When Erion sent five Fuchs alloy wheels to Harvey Weidman at Weidman’s Wheels in Oroville, California he got a positive response. “According to Harvey, it was the first time he’d ever seen five wheels with the same date stamps that were all straight and did not need truing,” recalls Erion. Once the wheels and their center caps were refinished, they were wrapped in a set of Coker replicas of Michelin’s XWX 185/70VR15s.
Originally, this 911T came with a rich-looking Brown interior. However, the intervening years had not been kind: The dash was cracked, the carpet and upholstery faded. Looking around the interior today, there are more NOS parts than you can shake a torsion bar at — including the shift knob, heater controls, door pockets, and turn-signal arm, to name just a few. There’s also a NOS dash with the correct speaker grill, while all five gauges were faithfully rebuilt by North Hollywood Speedometer. There is one tweak, however: The tachometer is redlined to RS 2.7 specs.
“Using all or as many NOS parts as possible was a much bigger job than I ever expected in terms of the amount of time spent researching the 1972 and 1973 model years and then tracking down those parts,” reflects Erion. In other words, he quickly discovered that restoring a 911 with new parts involves more than just throwing your checkbook at the project.
For instance, sourcing the correct carpet and upholstery for the seats and other interior panels proved to be a challenge. Erion found some unfaded carpet in the interior, samples of which were sent to Einmalig in California, which in turn sent the samples to its network of distributors in the hope of finding a match.
“After several months of looking and waiting, one supplier in Germany finally came up with a bolt of the correct carpet,” explains Erion. The carpeting was handed over to John’s Auto Upholstery in Longmont, Colorado, where a kit was made up based on the original carpeting.
The seats and side panels had originally been upholstered in vinyl, but the only matching material Erion could locate was real leather, so the Porsche received something of an upgraded interior. The interior refurbishment also included a new horn button and a re-covered steering wheel.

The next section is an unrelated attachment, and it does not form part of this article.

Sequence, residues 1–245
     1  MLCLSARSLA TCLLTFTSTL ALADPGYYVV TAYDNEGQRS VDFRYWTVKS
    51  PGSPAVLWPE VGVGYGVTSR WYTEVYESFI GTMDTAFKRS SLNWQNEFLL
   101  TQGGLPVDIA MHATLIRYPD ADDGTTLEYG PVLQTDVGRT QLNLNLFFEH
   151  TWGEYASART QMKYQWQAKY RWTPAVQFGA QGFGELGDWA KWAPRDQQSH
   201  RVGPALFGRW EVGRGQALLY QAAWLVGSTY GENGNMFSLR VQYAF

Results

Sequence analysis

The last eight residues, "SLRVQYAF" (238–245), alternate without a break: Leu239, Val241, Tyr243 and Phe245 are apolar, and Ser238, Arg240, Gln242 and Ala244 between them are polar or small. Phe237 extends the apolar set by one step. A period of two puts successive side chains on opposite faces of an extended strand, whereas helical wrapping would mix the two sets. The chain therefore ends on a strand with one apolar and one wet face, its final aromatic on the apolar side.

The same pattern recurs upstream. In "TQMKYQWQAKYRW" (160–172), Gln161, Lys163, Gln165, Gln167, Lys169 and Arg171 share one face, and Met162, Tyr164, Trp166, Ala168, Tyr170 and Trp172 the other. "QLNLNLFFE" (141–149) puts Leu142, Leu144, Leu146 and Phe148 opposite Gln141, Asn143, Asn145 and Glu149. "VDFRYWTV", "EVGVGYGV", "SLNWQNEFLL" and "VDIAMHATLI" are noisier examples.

“There are only two things that were left alone and are in their original condition — the wiring harness and the seat hinges,” says Erion, who says the fact that the seat hardware is unrestored is his only regret. And, when I train my camera on them, I can see why: Their patina stands out against so many nearby components that look brand new. It’s something Erion says he may rectify down the road.
It’s the smallest of nit-picks, though. The results of the time and effort that went into Erion’s T are apparent in person. And though Gold is not a favorite color of mine on any car, there’s no denying that the shade is stunning. Overall, the car looks like 1973 all over again. Peering into the engine compartment, I can’t help but blurt out, “It looks brand new!”
“Well, it should,” responds Erion. Now that his T is restored, he can start driving it — if he can just find the courage. “Right now, I just look at it in the garage for its artistic quality. I’m afraid to damage it or even get it dirty…which really goes against my philosophy, as I am really not a garage trophy kind of guy. I think that, as time goes on, I will forget just how much time, energy, and money I have invested in the car and start driving it in anger.”
The culmination of the restoration also means Erion can turn his attention to the 1970 911E project sitting in the garage. “I haven’t decided what to build yet, but it won’t be a concours project!” he says. Let’s just hope it doesn’t have a rare and desirable list of options.